Ioannou, Maria and Canter, David V. (2008) Criminals’ emotional experience during offence commission. In: British Psychological Society Annual Conference, 2-4 April 2008, Dublin, Ireland. (Unpublished)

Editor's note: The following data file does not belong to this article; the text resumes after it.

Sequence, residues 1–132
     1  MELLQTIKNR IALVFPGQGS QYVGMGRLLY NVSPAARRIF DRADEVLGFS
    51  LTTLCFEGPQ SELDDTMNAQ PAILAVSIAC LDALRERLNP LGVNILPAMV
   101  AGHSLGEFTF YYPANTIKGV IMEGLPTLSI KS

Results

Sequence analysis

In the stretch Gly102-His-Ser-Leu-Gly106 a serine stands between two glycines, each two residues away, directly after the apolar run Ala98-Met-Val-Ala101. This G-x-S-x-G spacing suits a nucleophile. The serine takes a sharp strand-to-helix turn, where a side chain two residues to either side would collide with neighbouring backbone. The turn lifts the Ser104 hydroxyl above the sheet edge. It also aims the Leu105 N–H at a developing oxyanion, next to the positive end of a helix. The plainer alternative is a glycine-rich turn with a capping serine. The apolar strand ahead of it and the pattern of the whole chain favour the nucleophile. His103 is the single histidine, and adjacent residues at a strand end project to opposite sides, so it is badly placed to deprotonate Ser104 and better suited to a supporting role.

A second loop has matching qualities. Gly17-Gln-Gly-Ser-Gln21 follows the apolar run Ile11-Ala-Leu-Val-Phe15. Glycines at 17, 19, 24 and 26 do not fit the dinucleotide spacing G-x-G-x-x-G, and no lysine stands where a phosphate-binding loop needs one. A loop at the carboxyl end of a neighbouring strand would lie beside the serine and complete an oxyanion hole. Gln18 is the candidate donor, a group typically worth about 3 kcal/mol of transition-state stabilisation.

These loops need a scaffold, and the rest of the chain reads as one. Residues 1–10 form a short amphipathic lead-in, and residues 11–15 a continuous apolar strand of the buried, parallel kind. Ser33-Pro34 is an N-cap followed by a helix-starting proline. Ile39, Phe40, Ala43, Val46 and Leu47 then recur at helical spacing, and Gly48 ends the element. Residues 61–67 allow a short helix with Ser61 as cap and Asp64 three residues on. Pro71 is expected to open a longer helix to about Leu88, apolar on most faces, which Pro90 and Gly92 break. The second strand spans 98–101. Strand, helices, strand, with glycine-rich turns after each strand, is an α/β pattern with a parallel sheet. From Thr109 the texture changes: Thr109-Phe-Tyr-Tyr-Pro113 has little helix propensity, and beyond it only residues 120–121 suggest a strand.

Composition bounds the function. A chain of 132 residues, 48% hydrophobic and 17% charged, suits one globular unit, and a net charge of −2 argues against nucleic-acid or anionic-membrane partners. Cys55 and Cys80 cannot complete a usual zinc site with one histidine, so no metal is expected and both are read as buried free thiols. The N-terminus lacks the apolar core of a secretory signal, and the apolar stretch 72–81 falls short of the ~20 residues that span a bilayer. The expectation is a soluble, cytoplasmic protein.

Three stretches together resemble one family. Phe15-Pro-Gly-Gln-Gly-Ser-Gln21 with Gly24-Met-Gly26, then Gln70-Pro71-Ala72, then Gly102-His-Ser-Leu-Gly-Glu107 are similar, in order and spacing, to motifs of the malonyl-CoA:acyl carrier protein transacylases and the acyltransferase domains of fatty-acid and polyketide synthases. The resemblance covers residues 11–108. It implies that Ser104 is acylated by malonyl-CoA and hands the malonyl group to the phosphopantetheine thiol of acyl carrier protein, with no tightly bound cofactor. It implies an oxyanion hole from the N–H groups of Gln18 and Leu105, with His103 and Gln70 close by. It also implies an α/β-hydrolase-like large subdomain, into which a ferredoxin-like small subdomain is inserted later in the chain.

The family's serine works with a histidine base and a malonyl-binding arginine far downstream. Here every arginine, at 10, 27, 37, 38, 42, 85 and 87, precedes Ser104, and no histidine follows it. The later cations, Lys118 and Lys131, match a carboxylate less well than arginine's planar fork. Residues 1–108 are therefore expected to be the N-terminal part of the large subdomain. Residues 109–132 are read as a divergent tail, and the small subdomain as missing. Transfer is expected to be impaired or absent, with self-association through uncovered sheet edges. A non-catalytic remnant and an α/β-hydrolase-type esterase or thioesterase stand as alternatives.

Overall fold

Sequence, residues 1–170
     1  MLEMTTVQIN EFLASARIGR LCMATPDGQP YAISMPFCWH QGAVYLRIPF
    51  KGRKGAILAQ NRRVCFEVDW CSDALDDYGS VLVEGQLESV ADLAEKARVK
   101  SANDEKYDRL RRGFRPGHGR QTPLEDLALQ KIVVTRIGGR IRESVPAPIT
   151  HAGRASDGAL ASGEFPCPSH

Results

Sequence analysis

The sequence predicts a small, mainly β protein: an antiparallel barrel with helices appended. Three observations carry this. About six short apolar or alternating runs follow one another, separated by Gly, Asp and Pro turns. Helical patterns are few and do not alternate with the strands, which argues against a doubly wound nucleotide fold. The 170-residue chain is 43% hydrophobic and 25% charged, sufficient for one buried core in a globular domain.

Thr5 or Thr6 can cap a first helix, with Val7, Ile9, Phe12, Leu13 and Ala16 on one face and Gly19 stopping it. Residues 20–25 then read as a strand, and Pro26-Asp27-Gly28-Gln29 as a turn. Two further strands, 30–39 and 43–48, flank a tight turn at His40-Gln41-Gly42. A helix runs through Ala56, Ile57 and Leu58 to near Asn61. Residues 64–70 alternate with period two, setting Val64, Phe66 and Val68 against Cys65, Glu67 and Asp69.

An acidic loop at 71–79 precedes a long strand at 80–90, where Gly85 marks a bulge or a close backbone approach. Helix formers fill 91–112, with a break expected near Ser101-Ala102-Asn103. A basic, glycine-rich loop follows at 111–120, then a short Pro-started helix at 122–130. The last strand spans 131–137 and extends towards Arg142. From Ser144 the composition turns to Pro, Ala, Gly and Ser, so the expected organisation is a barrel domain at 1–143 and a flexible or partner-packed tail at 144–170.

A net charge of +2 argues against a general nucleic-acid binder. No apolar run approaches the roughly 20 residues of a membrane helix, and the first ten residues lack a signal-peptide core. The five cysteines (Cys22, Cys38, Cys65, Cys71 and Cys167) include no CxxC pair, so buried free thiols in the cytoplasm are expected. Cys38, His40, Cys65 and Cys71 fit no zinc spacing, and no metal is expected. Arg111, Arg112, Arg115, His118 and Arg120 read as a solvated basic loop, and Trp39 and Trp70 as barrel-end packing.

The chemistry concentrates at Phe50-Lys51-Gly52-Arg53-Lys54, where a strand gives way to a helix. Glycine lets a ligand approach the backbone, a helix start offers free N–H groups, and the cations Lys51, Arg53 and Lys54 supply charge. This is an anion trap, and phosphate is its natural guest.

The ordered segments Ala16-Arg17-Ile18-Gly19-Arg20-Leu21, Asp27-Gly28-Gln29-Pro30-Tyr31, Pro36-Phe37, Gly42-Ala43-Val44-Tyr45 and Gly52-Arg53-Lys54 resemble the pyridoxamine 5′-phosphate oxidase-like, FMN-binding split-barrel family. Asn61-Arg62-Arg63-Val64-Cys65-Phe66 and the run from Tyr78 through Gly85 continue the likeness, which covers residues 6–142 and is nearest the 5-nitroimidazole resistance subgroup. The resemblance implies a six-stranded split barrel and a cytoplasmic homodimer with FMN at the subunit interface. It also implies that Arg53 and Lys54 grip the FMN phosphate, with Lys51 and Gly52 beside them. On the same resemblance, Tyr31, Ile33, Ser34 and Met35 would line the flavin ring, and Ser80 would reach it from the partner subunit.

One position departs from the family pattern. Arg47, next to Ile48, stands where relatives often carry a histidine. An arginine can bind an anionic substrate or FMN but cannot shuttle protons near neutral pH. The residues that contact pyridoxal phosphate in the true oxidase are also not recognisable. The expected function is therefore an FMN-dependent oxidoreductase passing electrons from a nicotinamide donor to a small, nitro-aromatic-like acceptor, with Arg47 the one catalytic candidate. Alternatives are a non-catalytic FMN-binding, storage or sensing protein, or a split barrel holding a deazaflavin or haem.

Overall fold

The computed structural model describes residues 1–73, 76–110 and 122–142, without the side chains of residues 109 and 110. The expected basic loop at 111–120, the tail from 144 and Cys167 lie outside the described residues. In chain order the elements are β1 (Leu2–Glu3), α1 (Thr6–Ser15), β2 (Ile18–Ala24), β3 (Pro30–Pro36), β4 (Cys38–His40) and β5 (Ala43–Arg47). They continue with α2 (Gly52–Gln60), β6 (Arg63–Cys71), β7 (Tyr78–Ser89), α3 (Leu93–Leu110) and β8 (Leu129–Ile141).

The emotions that are experienced by a criminal whilst committing a specific crime were investigated. It was hypothesised that: (a) the emotional experience of crime will reflect a circumplex for emotions for normal population; and (b) the emotional experience of crime (positive or negative) will be related to particular types of offences committed. One-hundred-and-twenty incarcerated offenders, convicted for a variety of crimes, indicated, on a forced choice questionnaire, the emotions they had experienced whilst committing a specific crime they remembered well. The results were subjected to Smallest Space Analysis (SSA), a non-metric multidimensional scaling procedure based upon the assumption that the underlying structure, or system of behaviour, will most readily be appreciated if the relationship between every variable and every other variable is examined. Results showed that the emotions reflected the circumplex structure of emotions postulated by Russell (1997) for non-criminal experiences. Thus, it was possible to identify four themes in relation to emotions: Elation, Calm, Distress, and Depression. However, they showed a stronger distinction between pleasure and displeasure than for the normal range of non-criminal experiences. In addition, criminals’ emotions were found to be more intense than these of a ‘normal’ population. Further analysis showed that different subsets of crimes were more like to be associated with different emotions, positive or negative. Elation and Calm were found to be associated with theft, burglary and robbery and Depression and Distress with sex offences, violence and murder. In broad terms, property crimes were found to be more pleasurable than crimes against the person. The results are taken as support for Katz’s (1988) proposal that the emotional significance of crimes needs to be considered more fully in order to understand the psychological processes that sustain and encourage crimes. The utility of Russell’s model indicates that the emotions experienced by criminals whilst committing crimes can be conceptualised in ways similar to other emotional experiences. Theoretical implications for understanding crime on the basis of the Emotional Experience, methodological implications for the use of MDS techniques in the study of crime and practical implications for the clinical treatment of offenders and police investigations are discussed.

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